We upper midwesterners don't get to revel much in National Garden Month, and with this week's cooler weather coming in, it's no secret as to why.
Still, those of us inclined to growing our own get what we can out of the earliest of early gardening season.
We're often out cleaning up our growing areas, planting early potatoes and peas, spreading compost and planning what the next few months will look like. At this time of year we're as likely to be looking over seeds starting indoors as the ones outside.
Fortunately the return of the farmers' market season comes just in time to get into the gardening mood.
We can thank our nursery growers for pushing us along and making our gardens better. We're fortunate enough to peruse an aromatic selection of herbs from Harvest Moon Herbs or vigorous broccoli starts from West Star Organics. Flower baskets from de Block Nursery give those with limited space a colorful chance to tend their own.
As we push on to the last market of April, we'll be welcoming back Kopke's Greenhouse and Country Bloomer's Greenhouse, both with amazing selections of plants for both the vegetable, flower and decorative planting spaces.
We also welcome back Lor Farm this Saturday, with beautiful cut tulips for those who wish to bring a little of that verdant spring magic indoors to admire.
So join us Saturday to send off National Garden Month with plans of beautiful gardens full of flowers, vegetables and hopes of a fruitful growing season.
See you at the market!
Ben Zimmerman Market Manager firstname.lastname@example.org 608-628-8879
Absences - April 29th, 2017 - Chris & Lori's Bakehouse - Roots Chocolate - Herb n Oyster
Daily Vendors - April 29th, 2017 - Bruno Botanicals
The first rhubarb of 2017 from County Line Plants & Produce
Our favorite green thumb gurus return to the market Saturday, May 6th. Stop by with your garden inquiries and an open ear for garden advice.
More information on Master Gardeners in Wisconsin can be found here.
As spring grows up around us, we treasure each new bit of green growth and treasuring those finds at the dinner table is part of our seasonal appreciation. We start this week off with a simple recipe featuring the first of spring's alliums, chives.
Creamy Chive Potatoes
(From Melissa Hamilton and Christopher Hirsheimer, Bon Appétit)
Ingredients: - 4 large potatoes (about 1 1/2 pounds), peeled, cut into 1/2-inch cubes - 1 1/2 cups half-and-half - 4 tablespoons (1/2 stick) unsalted butter - Kosher salt - 1/4 cup chopped fresh chives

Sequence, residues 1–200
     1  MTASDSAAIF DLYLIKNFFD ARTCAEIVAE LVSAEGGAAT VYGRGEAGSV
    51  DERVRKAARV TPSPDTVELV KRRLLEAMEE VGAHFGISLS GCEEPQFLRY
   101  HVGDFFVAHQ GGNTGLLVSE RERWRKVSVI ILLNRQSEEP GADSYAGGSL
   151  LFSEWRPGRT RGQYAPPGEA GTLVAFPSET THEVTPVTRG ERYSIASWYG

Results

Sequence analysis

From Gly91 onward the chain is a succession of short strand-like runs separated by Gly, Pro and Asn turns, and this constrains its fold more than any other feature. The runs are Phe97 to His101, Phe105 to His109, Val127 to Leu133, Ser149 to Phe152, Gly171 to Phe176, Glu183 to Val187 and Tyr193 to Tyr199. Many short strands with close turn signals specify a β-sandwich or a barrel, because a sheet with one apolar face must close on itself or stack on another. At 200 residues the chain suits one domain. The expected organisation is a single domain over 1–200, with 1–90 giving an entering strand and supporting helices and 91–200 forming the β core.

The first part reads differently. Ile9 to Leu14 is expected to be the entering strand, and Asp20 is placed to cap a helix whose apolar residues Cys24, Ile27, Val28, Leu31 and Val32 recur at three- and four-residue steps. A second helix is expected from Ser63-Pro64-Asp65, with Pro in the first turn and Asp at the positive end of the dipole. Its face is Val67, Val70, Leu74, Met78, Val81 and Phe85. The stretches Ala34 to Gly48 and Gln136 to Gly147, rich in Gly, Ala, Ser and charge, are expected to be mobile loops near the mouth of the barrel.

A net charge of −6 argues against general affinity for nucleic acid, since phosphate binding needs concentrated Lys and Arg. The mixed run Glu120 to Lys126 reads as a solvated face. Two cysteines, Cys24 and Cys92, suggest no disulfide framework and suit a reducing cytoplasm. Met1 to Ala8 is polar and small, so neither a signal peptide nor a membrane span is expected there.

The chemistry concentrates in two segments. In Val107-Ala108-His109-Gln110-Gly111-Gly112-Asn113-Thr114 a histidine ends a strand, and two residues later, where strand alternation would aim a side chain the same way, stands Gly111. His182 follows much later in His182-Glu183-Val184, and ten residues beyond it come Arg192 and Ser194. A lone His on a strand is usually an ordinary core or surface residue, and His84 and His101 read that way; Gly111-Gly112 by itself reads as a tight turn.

Directions: 1 Combine potatoes, half-and-half, and butter in a large saucepan; season with salt.
2. Bring to a boil, reduce heat, and simmer very gently, stirring occasionally, until potatoes are tender (the tip of a paring knife meets no resistance) and sauce is thick, 25-35 minutes.
3. Season with salt; stir in most of the chives. Top with remaining chives before serving.
Mizuna has become another favorite of the early market season, largely thanks to high tunnels utilized by our vegetable farmers. It's slightly spicy flavor is lighter than arugula, making it perfect for a big salad. Enjoy!
Mizuna Quinoa Salad with Lemon Scallion Vinaigrette
(From Early Morning Farm)
Ingredients: Salad -2 cups dry quinoa -1 bunch mizuna, stems removed, chopped into bite size pieces -green tops of 2 scallions, sliced - 1 cup diced radishes - 1/2 cup crumbled blue cheese - 1/2 cup dried cranberries - 1/2 cup pecans - salt + pepper to taste
Lemon Scallion Dressing - 1/2 cup olive oil - 1 tsp dijon mustard - green + white parts of 2 scallions, minced - salt + pepper to taste
Directions: 1. Place quinoa in a pot with 4 cups of water, bring to a boil, cover, and simmer for about 20 minutes. Remove from heat and fluff with a fork. Let cool to room temperature before tossing with the mizuna leaves. 2. Combine dressing ingredients in a jar and shake to combine. Toss the mizuna, radish, quinoa, and dressing together. Taste and season with salt and pepper if necessary. 3. Toast the pecans. Place the pecans in a small skillet over medium heat. Toast, stirring frequently. You’ll know the pecans are toasted when they smell toasty and start to brown. Remove from the pan right away so they don’t burn. 4. Fold the scallions, pecans, blue cheese, and cranberries into the salad. Serve at once or chilled. This salad holds up well if you want to make it a day in advance for a party.